Fiona Sze-Lorrain

Chekhov’s Gun
November 18, 2020 Sze-Lorrain Fiona

Chekhov’s Gun
Atonement means nothing to a cook
who in this soap opera marries his daughter off to a rich
villain. Nineteenth century: feudalism.
The close-up pauses on an island.
I look up “feudalism” online.
I swear.
I doddle.
I clean up four bathtubs
like a madwoman, refuse eye contact,
even stop to breathe, losing track of my mind map and business.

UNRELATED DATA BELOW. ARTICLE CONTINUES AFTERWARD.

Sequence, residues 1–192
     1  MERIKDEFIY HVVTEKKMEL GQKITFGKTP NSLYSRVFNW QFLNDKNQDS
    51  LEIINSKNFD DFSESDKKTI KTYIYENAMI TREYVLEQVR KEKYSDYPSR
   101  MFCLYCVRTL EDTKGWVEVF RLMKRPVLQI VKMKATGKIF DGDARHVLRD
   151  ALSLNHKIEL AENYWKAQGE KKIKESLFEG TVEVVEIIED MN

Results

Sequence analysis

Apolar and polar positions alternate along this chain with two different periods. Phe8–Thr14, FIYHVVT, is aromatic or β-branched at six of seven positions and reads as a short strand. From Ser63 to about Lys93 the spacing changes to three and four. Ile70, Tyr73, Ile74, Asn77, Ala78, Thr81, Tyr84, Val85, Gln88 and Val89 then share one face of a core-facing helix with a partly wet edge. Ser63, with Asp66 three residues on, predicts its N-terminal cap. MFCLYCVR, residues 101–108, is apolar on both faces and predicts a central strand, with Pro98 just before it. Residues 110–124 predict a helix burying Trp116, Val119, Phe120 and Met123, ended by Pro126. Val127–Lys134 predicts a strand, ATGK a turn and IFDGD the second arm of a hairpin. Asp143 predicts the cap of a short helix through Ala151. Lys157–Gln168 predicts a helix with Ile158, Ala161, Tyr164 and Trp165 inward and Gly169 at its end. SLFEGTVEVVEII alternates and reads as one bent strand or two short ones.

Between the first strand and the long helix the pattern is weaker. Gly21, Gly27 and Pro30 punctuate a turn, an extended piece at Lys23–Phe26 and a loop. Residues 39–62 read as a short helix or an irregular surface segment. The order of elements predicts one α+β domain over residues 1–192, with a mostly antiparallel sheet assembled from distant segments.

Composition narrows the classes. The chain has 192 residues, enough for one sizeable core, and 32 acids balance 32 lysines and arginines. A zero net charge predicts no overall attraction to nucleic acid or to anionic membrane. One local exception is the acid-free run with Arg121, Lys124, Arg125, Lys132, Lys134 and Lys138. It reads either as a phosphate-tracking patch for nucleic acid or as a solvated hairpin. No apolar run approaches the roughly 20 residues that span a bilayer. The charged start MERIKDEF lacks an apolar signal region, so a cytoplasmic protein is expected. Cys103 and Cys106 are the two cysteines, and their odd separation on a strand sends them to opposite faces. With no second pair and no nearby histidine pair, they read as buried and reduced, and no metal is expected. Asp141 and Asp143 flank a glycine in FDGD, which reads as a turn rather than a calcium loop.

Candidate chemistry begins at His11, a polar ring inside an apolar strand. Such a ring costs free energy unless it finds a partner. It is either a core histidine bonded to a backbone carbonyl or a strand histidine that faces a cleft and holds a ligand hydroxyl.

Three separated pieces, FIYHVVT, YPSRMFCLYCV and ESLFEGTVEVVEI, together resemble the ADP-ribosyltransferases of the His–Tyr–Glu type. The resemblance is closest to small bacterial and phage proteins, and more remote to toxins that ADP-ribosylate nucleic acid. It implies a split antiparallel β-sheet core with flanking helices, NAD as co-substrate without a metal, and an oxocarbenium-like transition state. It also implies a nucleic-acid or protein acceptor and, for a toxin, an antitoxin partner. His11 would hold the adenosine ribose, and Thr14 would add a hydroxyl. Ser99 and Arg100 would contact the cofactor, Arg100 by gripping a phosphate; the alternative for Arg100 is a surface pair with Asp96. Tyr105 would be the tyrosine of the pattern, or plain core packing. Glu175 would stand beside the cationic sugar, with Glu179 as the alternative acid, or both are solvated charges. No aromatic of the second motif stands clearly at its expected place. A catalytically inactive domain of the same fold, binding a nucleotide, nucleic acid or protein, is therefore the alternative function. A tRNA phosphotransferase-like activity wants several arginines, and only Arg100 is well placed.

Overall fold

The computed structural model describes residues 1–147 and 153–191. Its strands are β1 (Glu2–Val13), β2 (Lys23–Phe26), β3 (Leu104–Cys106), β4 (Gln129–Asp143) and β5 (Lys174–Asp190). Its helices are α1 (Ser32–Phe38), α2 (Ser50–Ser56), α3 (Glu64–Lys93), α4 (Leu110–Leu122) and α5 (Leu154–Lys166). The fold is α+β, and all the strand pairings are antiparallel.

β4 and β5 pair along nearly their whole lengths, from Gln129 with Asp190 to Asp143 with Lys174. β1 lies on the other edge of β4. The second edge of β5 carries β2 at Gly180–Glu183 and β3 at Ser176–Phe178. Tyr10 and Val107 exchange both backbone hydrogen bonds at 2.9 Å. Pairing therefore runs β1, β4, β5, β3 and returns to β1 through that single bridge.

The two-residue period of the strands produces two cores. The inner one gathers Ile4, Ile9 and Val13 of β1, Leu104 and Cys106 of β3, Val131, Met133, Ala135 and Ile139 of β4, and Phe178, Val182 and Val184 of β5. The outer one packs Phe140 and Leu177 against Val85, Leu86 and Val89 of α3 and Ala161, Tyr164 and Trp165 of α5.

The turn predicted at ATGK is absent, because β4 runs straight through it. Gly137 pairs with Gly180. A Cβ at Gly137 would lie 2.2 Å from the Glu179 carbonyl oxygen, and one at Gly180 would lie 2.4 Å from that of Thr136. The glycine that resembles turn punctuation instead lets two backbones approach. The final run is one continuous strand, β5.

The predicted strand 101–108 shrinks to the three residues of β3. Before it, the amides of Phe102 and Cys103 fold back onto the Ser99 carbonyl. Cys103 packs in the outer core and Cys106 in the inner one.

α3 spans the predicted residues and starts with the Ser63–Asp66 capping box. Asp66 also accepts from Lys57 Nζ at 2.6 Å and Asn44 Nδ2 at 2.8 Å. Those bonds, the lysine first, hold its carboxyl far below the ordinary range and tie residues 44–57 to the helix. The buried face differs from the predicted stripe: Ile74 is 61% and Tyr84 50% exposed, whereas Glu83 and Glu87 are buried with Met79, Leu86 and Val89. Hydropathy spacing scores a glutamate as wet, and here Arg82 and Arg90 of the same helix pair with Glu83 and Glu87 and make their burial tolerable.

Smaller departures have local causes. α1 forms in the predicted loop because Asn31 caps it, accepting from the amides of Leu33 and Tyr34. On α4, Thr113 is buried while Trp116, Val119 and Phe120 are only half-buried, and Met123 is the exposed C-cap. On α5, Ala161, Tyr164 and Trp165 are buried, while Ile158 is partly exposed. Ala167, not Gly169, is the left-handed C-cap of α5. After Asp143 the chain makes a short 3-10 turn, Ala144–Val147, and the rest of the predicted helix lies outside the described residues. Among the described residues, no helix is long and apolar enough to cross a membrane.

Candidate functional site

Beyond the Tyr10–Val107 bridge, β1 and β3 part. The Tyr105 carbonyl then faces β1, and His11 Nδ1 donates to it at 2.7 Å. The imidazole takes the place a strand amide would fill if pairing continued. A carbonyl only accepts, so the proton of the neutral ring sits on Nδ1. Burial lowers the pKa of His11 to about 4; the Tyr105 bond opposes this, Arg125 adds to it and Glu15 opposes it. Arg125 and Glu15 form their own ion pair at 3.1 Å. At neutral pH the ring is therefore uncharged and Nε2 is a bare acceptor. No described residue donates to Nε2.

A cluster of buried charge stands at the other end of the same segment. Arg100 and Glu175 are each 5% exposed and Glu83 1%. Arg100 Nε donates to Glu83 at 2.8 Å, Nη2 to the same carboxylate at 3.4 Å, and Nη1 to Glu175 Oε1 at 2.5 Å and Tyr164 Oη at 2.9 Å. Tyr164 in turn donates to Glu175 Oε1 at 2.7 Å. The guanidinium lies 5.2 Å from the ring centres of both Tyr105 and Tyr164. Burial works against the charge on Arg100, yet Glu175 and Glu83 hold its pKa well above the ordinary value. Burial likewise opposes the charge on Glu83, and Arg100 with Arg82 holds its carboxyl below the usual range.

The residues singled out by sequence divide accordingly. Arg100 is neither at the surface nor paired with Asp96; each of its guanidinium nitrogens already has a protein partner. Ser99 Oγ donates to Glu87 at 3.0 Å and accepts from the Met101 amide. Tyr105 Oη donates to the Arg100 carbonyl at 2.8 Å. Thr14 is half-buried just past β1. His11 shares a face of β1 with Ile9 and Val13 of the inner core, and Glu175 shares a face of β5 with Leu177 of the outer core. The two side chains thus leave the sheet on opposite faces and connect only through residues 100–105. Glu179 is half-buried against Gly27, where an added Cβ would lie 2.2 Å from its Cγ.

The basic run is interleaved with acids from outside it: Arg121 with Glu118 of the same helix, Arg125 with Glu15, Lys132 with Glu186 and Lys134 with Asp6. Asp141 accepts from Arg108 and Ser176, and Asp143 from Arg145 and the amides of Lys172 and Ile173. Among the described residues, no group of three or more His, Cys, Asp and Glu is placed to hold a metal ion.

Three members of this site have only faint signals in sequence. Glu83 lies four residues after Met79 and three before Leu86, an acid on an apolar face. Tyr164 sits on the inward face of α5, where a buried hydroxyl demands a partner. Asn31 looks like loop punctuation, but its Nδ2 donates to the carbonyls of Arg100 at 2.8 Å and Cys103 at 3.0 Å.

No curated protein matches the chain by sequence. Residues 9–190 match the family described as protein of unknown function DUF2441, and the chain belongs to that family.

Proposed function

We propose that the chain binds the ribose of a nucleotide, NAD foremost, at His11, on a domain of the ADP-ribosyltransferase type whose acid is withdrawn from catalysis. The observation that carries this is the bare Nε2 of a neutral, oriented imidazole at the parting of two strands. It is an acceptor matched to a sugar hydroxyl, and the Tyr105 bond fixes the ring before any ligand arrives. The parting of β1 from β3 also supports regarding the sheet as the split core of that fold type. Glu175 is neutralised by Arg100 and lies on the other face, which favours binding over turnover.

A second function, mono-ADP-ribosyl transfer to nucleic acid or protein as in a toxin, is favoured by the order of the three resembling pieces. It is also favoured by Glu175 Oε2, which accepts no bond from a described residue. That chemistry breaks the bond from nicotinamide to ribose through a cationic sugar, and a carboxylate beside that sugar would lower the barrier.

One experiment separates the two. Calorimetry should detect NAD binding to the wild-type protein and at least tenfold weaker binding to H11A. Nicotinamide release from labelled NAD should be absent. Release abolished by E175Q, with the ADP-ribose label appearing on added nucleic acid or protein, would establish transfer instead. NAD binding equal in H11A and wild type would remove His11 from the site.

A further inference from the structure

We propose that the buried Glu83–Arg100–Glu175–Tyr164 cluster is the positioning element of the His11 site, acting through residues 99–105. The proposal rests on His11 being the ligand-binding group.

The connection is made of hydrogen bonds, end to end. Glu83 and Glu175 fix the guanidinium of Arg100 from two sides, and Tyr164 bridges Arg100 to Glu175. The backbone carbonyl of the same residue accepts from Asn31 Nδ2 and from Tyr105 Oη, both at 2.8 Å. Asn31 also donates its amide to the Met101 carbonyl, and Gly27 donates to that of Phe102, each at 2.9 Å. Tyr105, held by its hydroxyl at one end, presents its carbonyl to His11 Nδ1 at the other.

Fiona Sze-Lorrain is a poet, translator, editor, and zheng harpist.  Her latest poetry collection, Rain in Plural, is forthcoming from Princeton University Press in September 2020.  The author of three previous poetry collections, including The Ruined Elegance, also from Princeton, which was a finalist for the 2016 Los Angeles Times Book Prize, she has translated more than a dozen books of contemporary Chinese, French, and American poetry.  One of her recent translations, Ye Lijun’s My Mountain Country (World Poetry Books, 2019), was shortlisted for the 2020 Derek Walcott Prize for Poetry.  A 2019-20 Abigail R. Cohen Fellow at the Columbia Institute for Ideas and Imagination, she lives in Paris.